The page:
The earth-loving chemical engineer

Queen’s graduate and military contractor Brian McConnell says he decided to go into engineering to help the planet

Bryon McConnell decided to return to Kingston to pursue his environmental dreams.
Bryon McConnell decided to return to Kingston to pursue his environmental dreams.
Credit: 
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When Bryon McConnell, Sci ’93 and MSc ’95, came to Queen’s with a love of the environment, he had no idea he would end up working for the Department of National Defence.

McConnell pursued a degree in chemical engineering because he wanted to acquire the skills to affect environmental change.

“I had come to Queen’s wanting to work as an environmental professional of some sort,” he said. “I was very concerned about pollution and wanted to make the world a better place.”

But, McConnell’s career plan wasn’t without a few detours.

“It seemed to me that chemistry would be the way to go,” McConnell said. “[But by] about third year I sensed that I simply wouldn’t have the level of knowledge that I thought I would have at the undergraduate level.”

To complete his skill-set McConnell did a course-based master’s degree in chemical engineering, graduating from Queen’s in 1995.

From there, McConnell said, he had planned to do an environmental doctorate at the University of California Los Angeles. But his budget dictated otherwise.

“I had been paying my way through school by doing a summer search-and-rescue program [with the Coast Guard],” he said.

After the 1999 Exon Valdez oil spill in Alaska, the Coast Guard became concerned with Canada’s oil-spill contingency plans. This opened up a new position, providing McConnell with the opportunity to work full-time.

“I spent a bunch of time in the documents library, learning all about the Coast Guard and its oil spill program. … I applied for the job, and I didn’t realize it at the time, but I was the only one who passed the written exam and the only one they interviewed … so I got the job,” he said.

During McConnell’s time with the Coast Guard, the department was transferred from the Ministry of Transportation to the Ministry of Agriculture, Food and Fisheries. This gave McConnell the opportunity to move from working on the Coast Guard’s external environmental issues program to a position working on internal environmental issues such as those facing the fisheries industry and the ocean.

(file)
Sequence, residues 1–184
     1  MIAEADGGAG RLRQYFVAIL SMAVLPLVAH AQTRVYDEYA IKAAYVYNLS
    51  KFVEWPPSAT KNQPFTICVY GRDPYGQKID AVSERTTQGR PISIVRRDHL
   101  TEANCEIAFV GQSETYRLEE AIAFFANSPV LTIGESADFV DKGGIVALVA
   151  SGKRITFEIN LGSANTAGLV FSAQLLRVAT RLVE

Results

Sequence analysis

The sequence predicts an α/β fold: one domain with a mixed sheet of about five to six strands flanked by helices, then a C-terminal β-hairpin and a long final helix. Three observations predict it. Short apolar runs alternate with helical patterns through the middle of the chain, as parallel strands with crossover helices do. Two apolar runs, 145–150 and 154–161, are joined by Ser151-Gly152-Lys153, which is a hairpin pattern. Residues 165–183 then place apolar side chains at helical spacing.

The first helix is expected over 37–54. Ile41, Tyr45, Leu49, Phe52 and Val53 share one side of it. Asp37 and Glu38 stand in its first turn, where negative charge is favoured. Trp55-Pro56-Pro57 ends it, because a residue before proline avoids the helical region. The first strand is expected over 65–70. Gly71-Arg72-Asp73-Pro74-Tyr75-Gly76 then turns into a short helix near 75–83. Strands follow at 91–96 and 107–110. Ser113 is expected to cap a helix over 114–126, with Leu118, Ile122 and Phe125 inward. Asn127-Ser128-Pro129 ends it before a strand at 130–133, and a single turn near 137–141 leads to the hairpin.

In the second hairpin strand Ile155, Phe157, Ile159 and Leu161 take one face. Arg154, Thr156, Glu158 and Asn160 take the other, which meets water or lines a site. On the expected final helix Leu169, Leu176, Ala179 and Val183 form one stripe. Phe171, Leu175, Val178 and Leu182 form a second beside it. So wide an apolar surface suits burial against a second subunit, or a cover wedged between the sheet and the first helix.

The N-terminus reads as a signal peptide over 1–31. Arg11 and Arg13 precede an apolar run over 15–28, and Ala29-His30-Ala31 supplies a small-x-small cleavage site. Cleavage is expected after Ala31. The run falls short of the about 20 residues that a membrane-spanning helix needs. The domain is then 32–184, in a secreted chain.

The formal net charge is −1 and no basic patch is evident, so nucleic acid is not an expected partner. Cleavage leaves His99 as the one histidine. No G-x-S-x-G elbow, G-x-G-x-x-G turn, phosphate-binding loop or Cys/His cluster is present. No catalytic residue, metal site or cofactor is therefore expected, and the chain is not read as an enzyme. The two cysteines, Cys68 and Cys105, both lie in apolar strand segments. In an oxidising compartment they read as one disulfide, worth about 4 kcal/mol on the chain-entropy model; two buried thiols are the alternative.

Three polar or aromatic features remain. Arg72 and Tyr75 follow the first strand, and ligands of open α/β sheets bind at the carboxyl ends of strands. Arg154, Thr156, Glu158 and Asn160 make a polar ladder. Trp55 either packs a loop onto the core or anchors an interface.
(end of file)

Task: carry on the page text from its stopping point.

McConnell said despite enjoying his work with the Coast Guard, he realized after being passed over for a promotion, that he wasn’t progressing professionally. He and his wife decided to move from Sarnia back to Kingston.

“It became apparent to me that I didn’t have an upward career path,” McConnell said. “[My wife and I] wanted to move back to Kingston, so I began working my network of contacts.”

His networking paid off.McConnell has worked at Kingston’s military base for nine years and is now the manager of site operations for Defence Construction Canada.

Defence Construction Canada provides contractors and construction project management for the Department of National Defence. It also ensures all environmental aspects of a construction project are taken care of.

Environmental project management includes completing all necessary environmental assessments, adhering to the principles of sustainable development and due diligence.

McConnell attributes his success to keeping an open mind.

“You simply couldn’t look at what I was doing [in university] and think that I would end up here. I certainly was never enamoured by construction,” he said. “After being here I realized that it was a good fit because I am doing what I wanted to do in terms of improving the environmental footprint of organizations.”

McConnell said anyone looking to change his or her career path needs to ask themself important questions about where he or she wants his or her life to go.

“What is it I want to do with my life? What is it I want my life to look like? Get real about that and then pursue it to make it happen. … Because there’s enough opportunity to do it.”

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